HSP Application note #20
Hansen Solubility parameter (HSP) of Polycyclic aromatic hydrocarbons
HSPiP Team Senior Developer, Dr. Hiroshi Yamamoto
Hansen Solubility Parameters (HSP)
Hansen Solubility Parameters(HSP) were developed by Charles M. Hansen as a way of predicting if one material will dissolve in another and form a solution. They are based on the idea that "like dissolves like" where one molecule is defined as being 'like' another if it bonds to itself in a similar way.
What can perhaps be surprising is that one can assign HSP to so many different things. Gases like carbon dioxide, solids like carbon-60, sugar, and biological materials like human skin, depot fat, DNA, and even some proteins all have HSP. The list can be continued with drugs, polymers, plasticizers, and in fact any organic material and even many inorganic materials like salts. The only requirement for an experimental confirmation is that the material must behave differently in a sufficient number of test solvents upon contact.
HSPiP version 3 have function to estimate Gas Chromatography Retention Index (GCRI).
HSPiP(Hansen Solubility Parameters in Practice)
The first edition of HSPiP that appeared in November, 2008, greatly enhanced the usefulness of the Hansen solubility parameters (HSP).
The HSP values of over 1200++ chemicals and 500 polymers are provided in convenient electronic format and have been revised and updated using the latest data sources in the second edition (March, 2009).
A third edition of the HSPiP appeared in March, 2010. There are now 10,000 compounds in the HSP file which also includes data on density, melting point, boiling point, critical parameters, Antoine constants and much more. The user is able to carry out many different sorts of optimisations of solubility, evaporation, diffusion, adhesion, create their own datasets (automatically if required) and explore the huge range of applications for HSP in coatings, paints, nanoparticles, cosmetics, pharma, organic photovoltaics and much more.
The 3rd Edition v3.1 was released on 12 December 2010. Current users can upgrade free (now v3.1.09) by downloading the latest .msi installer from http://hansen-solubility.com
The 4th Edition v4.0.x was released on 2 Jan. 2013. The Current users can upgrade with free charge.
2013.1.28 The Visual How to manual of HSPiP. You can understand what HSPiP can do.
GC retention time is depend on column length, oven temperature, carrier speed, so it is not predictable.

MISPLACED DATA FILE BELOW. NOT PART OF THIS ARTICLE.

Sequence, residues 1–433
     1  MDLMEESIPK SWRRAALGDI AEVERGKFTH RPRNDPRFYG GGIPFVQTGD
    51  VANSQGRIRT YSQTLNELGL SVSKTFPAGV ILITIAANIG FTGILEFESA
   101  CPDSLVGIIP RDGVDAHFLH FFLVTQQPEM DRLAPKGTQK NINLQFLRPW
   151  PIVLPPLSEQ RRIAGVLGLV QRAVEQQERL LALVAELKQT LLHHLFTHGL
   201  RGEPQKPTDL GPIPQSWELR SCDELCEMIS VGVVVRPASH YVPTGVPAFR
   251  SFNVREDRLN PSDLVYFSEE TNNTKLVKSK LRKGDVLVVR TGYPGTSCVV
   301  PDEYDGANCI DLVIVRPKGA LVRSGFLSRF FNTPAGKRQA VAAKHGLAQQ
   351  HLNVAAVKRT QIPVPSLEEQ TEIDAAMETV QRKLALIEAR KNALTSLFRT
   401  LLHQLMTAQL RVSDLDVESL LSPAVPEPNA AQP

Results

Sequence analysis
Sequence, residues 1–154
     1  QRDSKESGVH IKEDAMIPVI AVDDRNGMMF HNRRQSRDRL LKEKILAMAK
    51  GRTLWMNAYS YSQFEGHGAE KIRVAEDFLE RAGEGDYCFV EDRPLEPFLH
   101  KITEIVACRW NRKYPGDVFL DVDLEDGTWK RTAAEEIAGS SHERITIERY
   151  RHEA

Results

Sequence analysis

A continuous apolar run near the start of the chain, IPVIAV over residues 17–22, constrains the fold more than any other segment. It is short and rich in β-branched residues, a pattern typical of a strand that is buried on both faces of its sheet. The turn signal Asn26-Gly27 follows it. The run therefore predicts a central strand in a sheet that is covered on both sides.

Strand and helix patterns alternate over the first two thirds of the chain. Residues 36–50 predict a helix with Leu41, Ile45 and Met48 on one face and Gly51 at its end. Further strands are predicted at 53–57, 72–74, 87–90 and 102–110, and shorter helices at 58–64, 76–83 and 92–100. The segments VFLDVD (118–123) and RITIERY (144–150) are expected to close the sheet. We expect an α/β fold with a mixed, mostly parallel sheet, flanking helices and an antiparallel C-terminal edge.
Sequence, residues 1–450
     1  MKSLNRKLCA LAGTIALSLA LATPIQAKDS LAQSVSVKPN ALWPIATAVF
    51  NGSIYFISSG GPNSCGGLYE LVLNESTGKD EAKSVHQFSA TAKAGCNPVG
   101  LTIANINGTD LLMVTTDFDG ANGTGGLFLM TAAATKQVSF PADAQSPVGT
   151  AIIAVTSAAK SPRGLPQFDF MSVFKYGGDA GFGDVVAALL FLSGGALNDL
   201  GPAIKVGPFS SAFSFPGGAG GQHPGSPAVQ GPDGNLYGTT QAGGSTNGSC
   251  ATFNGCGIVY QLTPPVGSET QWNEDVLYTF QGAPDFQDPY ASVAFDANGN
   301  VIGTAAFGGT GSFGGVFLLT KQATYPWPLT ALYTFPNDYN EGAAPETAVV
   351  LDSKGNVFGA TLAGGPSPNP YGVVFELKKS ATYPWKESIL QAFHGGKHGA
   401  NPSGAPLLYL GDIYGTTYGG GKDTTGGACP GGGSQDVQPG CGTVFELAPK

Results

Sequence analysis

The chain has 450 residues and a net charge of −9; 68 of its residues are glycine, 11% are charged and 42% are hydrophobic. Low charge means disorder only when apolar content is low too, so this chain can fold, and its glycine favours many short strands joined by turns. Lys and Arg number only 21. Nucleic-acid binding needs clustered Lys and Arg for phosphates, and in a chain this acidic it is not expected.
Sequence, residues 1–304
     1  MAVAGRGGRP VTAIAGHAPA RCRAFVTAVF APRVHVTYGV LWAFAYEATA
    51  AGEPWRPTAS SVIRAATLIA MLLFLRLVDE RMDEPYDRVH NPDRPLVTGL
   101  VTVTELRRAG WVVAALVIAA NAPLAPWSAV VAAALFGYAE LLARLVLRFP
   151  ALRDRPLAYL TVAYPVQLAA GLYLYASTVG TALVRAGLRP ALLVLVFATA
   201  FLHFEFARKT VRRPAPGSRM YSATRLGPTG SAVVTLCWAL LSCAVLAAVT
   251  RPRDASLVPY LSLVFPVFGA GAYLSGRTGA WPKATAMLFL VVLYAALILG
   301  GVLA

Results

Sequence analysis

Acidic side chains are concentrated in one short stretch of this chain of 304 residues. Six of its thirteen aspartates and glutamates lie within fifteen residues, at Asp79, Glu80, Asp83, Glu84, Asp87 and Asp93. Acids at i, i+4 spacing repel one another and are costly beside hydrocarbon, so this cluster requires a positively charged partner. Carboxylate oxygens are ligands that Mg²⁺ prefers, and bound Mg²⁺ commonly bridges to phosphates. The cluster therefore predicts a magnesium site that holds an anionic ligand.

But if it comes to retention index, we can predict with
solubility to poly dimethyl siloxane(PDMS)
vaporization from PDMS
I found a very interesting paper refer to GCRI for polycyclic aromatic hydrocarbons.
I got 17 compounds' GCRI.
Only what you need is smiles notation.
Smiles(Simplified Molecular Input Line Entry Syntax)
SMILES is a string obtained by printing the symbol nodes encountered in a depth-first tree traversal of a chemical graph.
Y-MB Properties Estimation
Y-MB break Smiles into correspponding Functional Groups and Estimate various Properties. These estimation schemes are come from Pirika technologies.
Run HSPiP ver.3 and choose GC from menu bar.
Copy smiles and paste it to text field and push calculator button.
You will get GCRI value.
The absolute value is not good for especially large molecules, but from only structure information, we can estimate GCRI. This would be very powerful tool.
I also got HPLC data for PAHs.
The most popular column for HPLC is ODS column and this column contains Silica-gel covered by Octadecyl. When we insert some chemicals into this column, some chemicals dissolve to octadecyl alkyl chain deeply and some do not. So, highly interacted chemicals will delay to elute. Or some chemicals which are very easily dissolve to carrier liquid, elute very early.
We can evaluate these solubility with Hansen Solubility Parameters (HSP). Molecular size also play important role.
Pirika Java Demo Applet design Carrier Solvent. HPLCDemo is available here.
I do not know the reason, but retention time and molecular volume have very strong correlation. HSP of these molecules are almost same, so solubility to ODS is almost identical. They separate with just size.
If you draw several molecules and calculate each molecules' properties, program will simulate Retention Time (RT) of OSD column for HPLC. If you want to know how to draw molecules, please refer to PowerTools applications. I have full version of this HPLC RT simulation program at PowerTools+ Applications.